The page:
6. A couple of additional comments .... r.e. "... Most people won't have an e-sata dock like you have - e-sata was never a very popular technology ..." => Actually, all you need is a SATA connection and a power cable. You could simply run a SATA cable from any available SATA port out the back of the PC and leave it available for connecting a spare drive when needed -- or you could connect it to an eSATA dock if you wanted to make it more convenient. Ditto a power cable (which you wouldn't need with a dock, since it would provide power). Or you could use a USB3 docking unit and avoid a SATA connection altogether. r.e. "... one could use a hot swap bay like this one ..." => An excellent choice, and with the tray-less unit Frank suggested it's just as easy as plugging a drive in an external bay. r.e. "... Could I pass a new drive through to a VM and test? " ==> Certainly. Just set up a Windows VM, pass a SATA port through to it; and you can do the testing via your VM. Of course since you'll already have the drive installed in your UnRAID server in this case, you could simply use pre-clear -- depends on whether you want the added flexibility of the multiple tests you can choose with the various other testing utilities. r.e. "... f the preclear script can be made to work in unRAID 6.4.1 I really don't see the harm. " ==> I certainly didn't intend to imply otherwise. There's no reason not to use pre-clear; I was simply noting that it's not really needed, since there are plenty of other testing utilities to test a new disk; and the original advantage when it was written of not having your server down while a new disk was being cleared is no longer a factor.
  7. Compatibility with testing software isn't an issue -- any Windows system has a plethora of options (as I listed above); and there are several testing utilities for Macs as well. It's true the system used to test a drive does indeed have to be on for the duration of the test -- whether it's your UnRAID server or another system. As for the advantage of doing the test on your server -- that's a very minor advantage. It takes perhaps 20 seconds to pop a drive in my eSATA dock and start the testing. You do, of course, then have to install the drive in whatever system it's destined for after the test. If it's a drive destined for one of my UnRAID servers I suppose you can argue that's 20 seconds wasted -- but I think most would agree that's not much of a factor .
  8. I have an eSATA port on my desktop connected to one of these docks: You don't really need the docking unit -- just an eSATA cable and power cable would work fine. You can also run it with a USB dock, although it takes a long time with USB v2 (v3 docks work just fine). And yes, Data Lifeguard works fine with every drive I've tried it with -- WD, Seagate, HGST, Maxtor, Toshiba, Fujitsu, Samsung, etc.
  9. Rather than "fiddle" with pre-clear issues, I simply no longer use it. Note that the utility was written for two purposes: (1) to eliminate the long downtime in an array when you added a disk -- which was not useable until it had cleared the new disk (this was arguably Joe's primary motivation for writing it); and (2) to test new disks to be sure there weren't any "infant mortality" issues. #1 is completely obsolete => v6 clears new disks without any impact on array functionality. #2 is easily done with any of the manufacturer's diagnostic utilities. I use WD's Data Lifeguard, but SeaTools, HGST's WinDFT, Toshiba's Storage Diagnostic, or any of the various 3rd party disk testing utilities (HDTune, Crystal Disk, etc.) can do this ... and these have the advantage that you can test your disk on another system without impacting the server. When I get a new disk, I attach it to a spare SATA port on my desktop; then run Data Lifeguard and do a Short Test, Long Test, full Erase, and then repeat the short and long tests. ANY errors and I return the disk -- otherwise I add it to whatever system I bought it for (whether UnRAID, an HTPC, or one of our desktops).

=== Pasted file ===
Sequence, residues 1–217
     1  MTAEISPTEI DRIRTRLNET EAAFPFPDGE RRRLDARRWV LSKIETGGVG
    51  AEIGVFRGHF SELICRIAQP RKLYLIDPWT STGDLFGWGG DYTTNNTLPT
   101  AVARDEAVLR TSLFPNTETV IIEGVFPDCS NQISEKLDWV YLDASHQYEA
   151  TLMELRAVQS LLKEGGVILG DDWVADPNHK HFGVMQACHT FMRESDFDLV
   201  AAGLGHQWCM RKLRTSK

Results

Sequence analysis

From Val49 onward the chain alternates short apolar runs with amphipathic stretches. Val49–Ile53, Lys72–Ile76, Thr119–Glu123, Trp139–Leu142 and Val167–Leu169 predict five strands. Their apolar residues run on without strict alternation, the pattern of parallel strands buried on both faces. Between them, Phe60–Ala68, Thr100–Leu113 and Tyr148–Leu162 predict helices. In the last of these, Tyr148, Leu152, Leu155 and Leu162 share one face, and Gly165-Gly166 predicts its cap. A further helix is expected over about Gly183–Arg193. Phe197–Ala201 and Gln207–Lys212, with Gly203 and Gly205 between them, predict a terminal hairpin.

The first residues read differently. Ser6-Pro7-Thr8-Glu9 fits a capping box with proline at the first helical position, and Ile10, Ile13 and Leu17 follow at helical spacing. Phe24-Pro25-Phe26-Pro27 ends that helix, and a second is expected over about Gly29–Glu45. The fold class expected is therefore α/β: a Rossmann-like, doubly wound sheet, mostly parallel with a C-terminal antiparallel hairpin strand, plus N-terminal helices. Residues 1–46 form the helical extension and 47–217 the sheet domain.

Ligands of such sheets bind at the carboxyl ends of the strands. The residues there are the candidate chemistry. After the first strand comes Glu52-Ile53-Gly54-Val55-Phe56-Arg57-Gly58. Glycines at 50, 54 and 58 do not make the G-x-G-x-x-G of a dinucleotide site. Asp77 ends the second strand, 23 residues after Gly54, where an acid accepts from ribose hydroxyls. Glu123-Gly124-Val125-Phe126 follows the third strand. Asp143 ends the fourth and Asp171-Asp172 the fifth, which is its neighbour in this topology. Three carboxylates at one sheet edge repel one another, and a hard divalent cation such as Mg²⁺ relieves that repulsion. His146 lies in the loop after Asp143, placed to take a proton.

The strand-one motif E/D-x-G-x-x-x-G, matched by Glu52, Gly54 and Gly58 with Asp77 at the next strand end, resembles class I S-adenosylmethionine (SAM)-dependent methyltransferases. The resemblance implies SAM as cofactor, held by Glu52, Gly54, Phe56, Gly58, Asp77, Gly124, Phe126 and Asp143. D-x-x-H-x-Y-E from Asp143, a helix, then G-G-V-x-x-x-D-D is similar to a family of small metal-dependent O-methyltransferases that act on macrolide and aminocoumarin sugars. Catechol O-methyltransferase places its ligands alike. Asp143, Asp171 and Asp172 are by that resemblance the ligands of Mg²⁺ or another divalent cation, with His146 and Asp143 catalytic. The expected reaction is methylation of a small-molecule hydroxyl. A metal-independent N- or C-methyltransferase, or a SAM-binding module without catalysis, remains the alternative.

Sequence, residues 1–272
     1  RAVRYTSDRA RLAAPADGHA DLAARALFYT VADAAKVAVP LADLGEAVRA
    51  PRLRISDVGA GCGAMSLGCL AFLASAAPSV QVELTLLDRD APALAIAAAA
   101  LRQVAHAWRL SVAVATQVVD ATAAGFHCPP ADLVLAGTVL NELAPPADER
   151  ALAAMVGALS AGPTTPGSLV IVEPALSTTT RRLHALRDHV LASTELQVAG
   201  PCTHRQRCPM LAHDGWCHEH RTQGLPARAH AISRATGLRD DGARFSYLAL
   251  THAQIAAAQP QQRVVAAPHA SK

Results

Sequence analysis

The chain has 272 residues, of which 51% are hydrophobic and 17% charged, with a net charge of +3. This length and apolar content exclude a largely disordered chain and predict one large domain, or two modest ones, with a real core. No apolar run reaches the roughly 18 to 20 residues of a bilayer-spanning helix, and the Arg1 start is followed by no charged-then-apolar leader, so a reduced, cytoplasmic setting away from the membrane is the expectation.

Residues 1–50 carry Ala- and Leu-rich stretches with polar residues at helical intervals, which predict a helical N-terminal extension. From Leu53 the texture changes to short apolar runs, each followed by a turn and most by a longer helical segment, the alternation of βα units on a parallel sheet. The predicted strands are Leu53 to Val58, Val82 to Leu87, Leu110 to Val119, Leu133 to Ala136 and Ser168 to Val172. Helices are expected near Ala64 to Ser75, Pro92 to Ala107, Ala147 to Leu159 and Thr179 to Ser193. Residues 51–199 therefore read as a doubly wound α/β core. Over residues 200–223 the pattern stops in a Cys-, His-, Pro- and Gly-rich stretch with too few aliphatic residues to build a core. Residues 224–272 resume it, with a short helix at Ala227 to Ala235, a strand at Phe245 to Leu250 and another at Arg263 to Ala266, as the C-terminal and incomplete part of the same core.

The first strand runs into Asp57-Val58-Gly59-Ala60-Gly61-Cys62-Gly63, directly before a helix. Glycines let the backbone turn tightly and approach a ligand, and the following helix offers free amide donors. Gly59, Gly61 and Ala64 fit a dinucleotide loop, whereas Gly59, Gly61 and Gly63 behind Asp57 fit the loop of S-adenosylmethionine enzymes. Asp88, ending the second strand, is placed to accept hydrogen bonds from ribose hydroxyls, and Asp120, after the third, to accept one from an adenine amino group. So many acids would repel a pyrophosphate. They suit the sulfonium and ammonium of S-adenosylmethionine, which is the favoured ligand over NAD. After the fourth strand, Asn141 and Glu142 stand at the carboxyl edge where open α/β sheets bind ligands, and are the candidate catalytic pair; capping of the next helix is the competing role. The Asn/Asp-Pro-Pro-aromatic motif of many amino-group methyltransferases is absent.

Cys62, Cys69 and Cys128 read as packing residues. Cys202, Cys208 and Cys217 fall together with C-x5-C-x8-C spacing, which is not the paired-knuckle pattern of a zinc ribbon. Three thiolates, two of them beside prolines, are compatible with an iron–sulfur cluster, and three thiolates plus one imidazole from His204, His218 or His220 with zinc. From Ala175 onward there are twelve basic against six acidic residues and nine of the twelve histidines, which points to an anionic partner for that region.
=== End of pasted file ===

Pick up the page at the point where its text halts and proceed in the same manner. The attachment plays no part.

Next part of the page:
10. SATA Controller Cards

    Agree -- that's what I do ... store the drives in WiebeTech DriveBoxes [ ] and keep them in a fireproof, waterproof, data-rated safe.
  11. Best 8TB Parity Drive?

    It has been a VERY long time since any controller didn't have 48-bit LBA support. But this has nothing to do with the 2TB limit, which is a different issue altogether.
  12. Best 8TB Parity Drive?

    I'm reasonably certain an X7SBE motherboard supports drives > 2TB. As long as that's true, there's no limit on how large those drives can be => 8TB, 10TB, 12TB, or larger will all work just fine. Simplest test is to just attach any drive > 2TB and confirm it's shown correctly in the BIOS. As long as that's true, you don't have any size constraints.
  13. How to find your Flash USB Drive GUID

    To find the GUID for any flash drive: Just download the USB creator for Mac, and make the USB flash drive you want to use bootable. Boot to it; then click on "Flash" on the main screen. This will show you the GUID for that flash drive. HOWEVER, if you have a flash drive that's already been licensed, then plug that drive into a computer and copy the license key from the flash drive to a "safe" place (a folder on your PC or Mac). This will be a file named Pro.key, Plus.key, etc. THEN you can download the USB creator (for Mac or Windows as needed); make the flash drive a bootable UnRAID flash drive; and then copy the key file back to the Config folder on the flash drive, and you can then boot UnRAID from it. BTW, upgrading to 6.4.1 should not have had any impact on your UnRAID flash key's ability to boot unless you were using a flash drive that you have moved the key from. If that's the case, then you need to use the flash drive you transferred the license to -- NOT the old one you transferred it FROM. That drive is no longer valid, since the license has been transferred.
  14. Best 8TB Parity Drive?

    Yes, you'd see a nice bump in write speeds. First, the Ironwolf drives are 7200rpm, vs 5900rpm for the Archive units. In addition to the higher rotational speed, they also have faster seek times and a higher areal density (1.5TB platters vs 1.33TB for the archives). Each of these provides some improvement ... collectively they should make a very noticeable difference. Since every write requires 4 disk operations (2 reads, 2 writes), the improved seek times and faster rotational speed are the key factors. I'd expect roughly a 20-25% improvement in write speeds with a switch from the archive units to the 12TB Ironwolfs.
  15. Thanks Johnnie -- that's nice to know ... and much better than disabling the monitoring of the attribute. In fact, I had done that quite some time ago for a disk with reallocated sectors, but had forgotten you could do it

Copyright © 2005-2017 Lime Technology, Inc. unRAIDĀ® is a registered trademark of Lime Technology, Inc.